Ever since Blake Wheeler has made the shift to the
Atlanta/Winnipeg franchise, his star has taken off. It’s obvious now that
Wheeler is a star player in the NHL, and he has proven that he can play tough
minutes and against the leagues best defensive pairings. A switch to the second
line allowed Wheeler to play against weaker competition and he excelled after a
Wheeler was part of the deal with the Boston Bruins that
sent Rich Peverley to Boston the year the Bruins won the cup, but in hindsight,
the deal was a huge win for the Thrashers/Jets. Blake Wheeler is the team’s
leading scorer and that is a trend that is likely to continue into next season.
Over the last three seasons with the Winnipeg Jets, Wheeler
has scored at a very strong rate, compiling 64 goals and 110 assists for 174
points in 210 games. That puts Wheeler’s points per game at 0.82, good for an
average of 67.9 points per 82 games.
Wheeler found more success last season after Frolik took top
line minutes, and Wheeler’s point totals skyrocketed, posting 52 points in the
final 54 games of the season.
Wheeler may start the season on the 2nd line to
encourage his progress, but that can still keep him as the leading scorer on
this team. He’s a big body, and he has silk hands, and even became an Olympian
for the United States at the 2014 Sochi Olympics.
In a perfect world, he would be one of the league’s best
second line wingers, but in the Jets harsh reality, Wheeler is one of their
I don’t see any reason why Wheeler can’t continue to produce
a 60-point season this year, and especially considering the fact that he may be
playing against easier competition.
Wheeler will still get ample opportunities with the man
advantage and his vision will likely keep him there producing points.
Considering the fact the Wheeler almost scored at a point
per game pace after switching to second line duties, it’s not hard to believe
that he can keep it up. I don’t expect Wheeler to eclipse career totals, but
there’s no reason to believe he’ll struggle with less minutes and less
Kevin McCartney predicted that Wheeler would score 28 goals,
which would be a career high for him. I don’t expect that many goals, my guess
would be that Wheeler scores 21 at most, but still picks up 40 assists.
With Dustin Byfuglien beginning the season as a forward, and
Michael Frolik penciled in as the top line winger, where does Wheeler fit the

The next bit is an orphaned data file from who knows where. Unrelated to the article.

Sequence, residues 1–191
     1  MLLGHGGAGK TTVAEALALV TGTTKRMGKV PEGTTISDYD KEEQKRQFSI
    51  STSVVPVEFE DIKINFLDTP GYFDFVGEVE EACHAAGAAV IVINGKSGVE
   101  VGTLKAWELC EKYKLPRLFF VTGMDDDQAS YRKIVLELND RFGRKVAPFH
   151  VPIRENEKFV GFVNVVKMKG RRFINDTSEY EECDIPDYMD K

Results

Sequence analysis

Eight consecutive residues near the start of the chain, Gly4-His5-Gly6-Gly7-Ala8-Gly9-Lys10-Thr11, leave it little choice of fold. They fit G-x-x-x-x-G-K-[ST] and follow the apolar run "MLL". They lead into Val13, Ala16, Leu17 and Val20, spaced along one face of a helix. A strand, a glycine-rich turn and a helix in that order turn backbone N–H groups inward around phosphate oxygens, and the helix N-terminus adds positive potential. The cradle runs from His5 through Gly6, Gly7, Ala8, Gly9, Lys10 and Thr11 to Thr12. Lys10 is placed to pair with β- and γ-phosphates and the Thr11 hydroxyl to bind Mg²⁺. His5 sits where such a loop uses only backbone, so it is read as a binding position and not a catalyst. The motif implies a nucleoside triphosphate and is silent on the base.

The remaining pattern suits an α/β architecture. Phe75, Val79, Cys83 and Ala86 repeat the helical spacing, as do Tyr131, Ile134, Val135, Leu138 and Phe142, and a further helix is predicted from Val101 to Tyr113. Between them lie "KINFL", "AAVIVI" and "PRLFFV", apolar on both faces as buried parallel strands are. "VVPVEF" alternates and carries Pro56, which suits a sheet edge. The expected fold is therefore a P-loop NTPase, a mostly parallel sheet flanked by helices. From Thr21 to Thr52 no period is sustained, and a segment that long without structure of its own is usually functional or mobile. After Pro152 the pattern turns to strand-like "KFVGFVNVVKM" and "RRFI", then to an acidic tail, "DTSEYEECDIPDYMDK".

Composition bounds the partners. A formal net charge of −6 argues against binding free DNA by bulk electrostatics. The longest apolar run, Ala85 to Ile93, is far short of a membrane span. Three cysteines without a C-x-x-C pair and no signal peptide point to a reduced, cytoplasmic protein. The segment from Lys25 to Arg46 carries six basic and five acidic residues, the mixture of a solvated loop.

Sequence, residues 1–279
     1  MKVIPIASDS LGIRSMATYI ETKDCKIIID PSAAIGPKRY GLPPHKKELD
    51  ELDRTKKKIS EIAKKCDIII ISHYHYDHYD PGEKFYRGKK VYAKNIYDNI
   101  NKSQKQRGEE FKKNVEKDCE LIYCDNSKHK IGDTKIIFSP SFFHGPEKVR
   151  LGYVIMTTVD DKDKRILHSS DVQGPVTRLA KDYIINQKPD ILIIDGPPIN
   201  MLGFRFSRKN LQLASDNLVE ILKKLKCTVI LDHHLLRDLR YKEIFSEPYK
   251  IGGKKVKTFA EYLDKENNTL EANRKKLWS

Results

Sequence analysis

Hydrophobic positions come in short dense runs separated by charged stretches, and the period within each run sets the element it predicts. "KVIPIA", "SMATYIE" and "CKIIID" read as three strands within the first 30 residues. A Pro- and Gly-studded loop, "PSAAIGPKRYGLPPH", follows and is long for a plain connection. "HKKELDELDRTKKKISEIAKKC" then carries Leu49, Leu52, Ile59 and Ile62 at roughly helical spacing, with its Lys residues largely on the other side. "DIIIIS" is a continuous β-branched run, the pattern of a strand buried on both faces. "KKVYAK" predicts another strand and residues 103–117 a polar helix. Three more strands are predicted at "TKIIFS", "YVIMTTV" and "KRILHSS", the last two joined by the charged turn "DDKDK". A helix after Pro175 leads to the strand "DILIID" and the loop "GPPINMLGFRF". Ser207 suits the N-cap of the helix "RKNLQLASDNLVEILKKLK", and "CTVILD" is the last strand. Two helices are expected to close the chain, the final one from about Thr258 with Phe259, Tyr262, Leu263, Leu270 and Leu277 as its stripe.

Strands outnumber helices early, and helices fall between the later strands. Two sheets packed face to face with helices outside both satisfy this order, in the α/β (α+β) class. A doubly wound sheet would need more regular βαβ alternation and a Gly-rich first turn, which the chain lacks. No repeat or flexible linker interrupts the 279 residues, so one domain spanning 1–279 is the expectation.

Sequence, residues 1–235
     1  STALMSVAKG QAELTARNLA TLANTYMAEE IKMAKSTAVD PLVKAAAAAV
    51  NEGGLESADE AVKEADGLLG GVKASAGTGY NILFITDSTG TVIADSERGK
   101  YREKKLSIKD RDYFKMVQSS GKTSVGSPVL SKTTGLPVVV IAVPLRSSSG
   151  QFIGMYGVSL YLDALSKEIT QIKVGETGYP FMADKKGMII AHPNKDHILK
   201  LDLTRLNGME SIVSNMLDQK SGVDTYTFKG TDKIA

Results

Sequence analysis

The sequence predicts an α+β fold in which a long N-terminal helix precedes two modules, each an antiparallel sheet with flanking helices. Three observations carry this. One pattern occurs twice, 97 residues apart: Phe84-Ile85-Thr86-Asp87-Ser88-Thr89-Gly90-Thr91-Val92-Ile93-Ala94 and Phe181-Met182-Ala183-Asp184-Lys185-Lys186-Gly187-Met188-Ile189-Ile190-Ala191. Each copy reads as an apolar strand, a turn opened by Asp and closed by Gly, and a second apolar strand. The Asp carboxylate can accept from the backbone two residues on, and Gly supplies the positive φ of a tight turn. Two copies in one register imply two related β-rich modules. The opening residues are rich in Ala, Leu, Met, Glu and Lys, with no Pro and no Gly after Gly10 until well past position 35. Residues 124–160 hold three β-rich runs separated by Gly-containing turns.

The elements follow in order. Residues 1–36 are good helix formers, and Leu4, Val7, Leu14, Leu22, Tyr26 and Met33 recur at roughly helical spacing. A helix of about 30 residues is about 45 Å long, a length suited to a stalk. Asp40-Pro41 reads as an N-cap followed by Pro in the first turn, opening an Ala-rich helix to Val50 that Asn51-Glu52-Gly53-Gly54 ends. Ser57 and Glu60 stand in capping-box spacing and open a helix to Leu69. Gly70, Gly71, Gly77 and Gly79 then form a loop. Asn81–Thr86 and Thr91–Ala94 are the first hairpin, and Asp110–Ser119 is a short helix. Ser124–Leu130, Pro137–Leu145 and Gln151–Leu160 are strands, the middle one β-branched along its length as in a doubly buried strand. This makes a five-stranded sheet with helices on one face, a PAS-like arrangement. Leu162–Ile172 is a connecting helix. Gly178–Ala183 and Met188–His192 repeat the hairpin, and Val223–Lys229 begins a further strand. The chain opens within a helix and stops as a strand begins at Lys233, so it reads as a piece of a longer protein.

most? Does it make sense to let Byfuglien play on the 3rd line or is
that a place better suited for Wheeler?
I fully expect Blake Wheeler to start the season on the 2nd
line, and eventually work his way back to the top line if Frolik is unable to
Will Wheeler be able to keep up the pace he did
in the 54 games of the season?
Like I mentioned earlier, Wheeler scored an
astounding 52 points in the last 54 games after getting second line minutes.
While it looks like Wheeler will once again start the season in that role, it’s
unlikely he will be able to keep the pace for the entire season.
Is Wheeler capable of scoring 70+?
Wheeler has had seasons of 64, 41 in 48
(pro-rated to 70 in 82 games), and 69, but hasn’t actually eclipsed the
70-point barrier. He’s got skill, he’s got the hands, but he doesn’t have the
consistency. He started last season off really slow, and if he had played the
way he did in the first few games of the season the way he played the remaining
52, he could’ve easily eclipsed the 70-point plateau. Once again, I just don’t
see it happening this year.
How long until Wheeler is back on the top line?
Considering the success Wheeler found on the
2nd line, it almost seems strange to want to move him off the line.
The fact of the matter is, Wheeler is team’s best player, and if the likes of
Frolik and Byfuglien can’t play top line minutes, Wheeler will resume his post
as the 1st line right-winger.
SEASON POINT PROJECTIONS
Considering this is the first in JetsNation’s Player Preview
series, after each article I will post the players point expectations below to
keep everybody’s memory fresh.
BLAKE WHEELER 81GP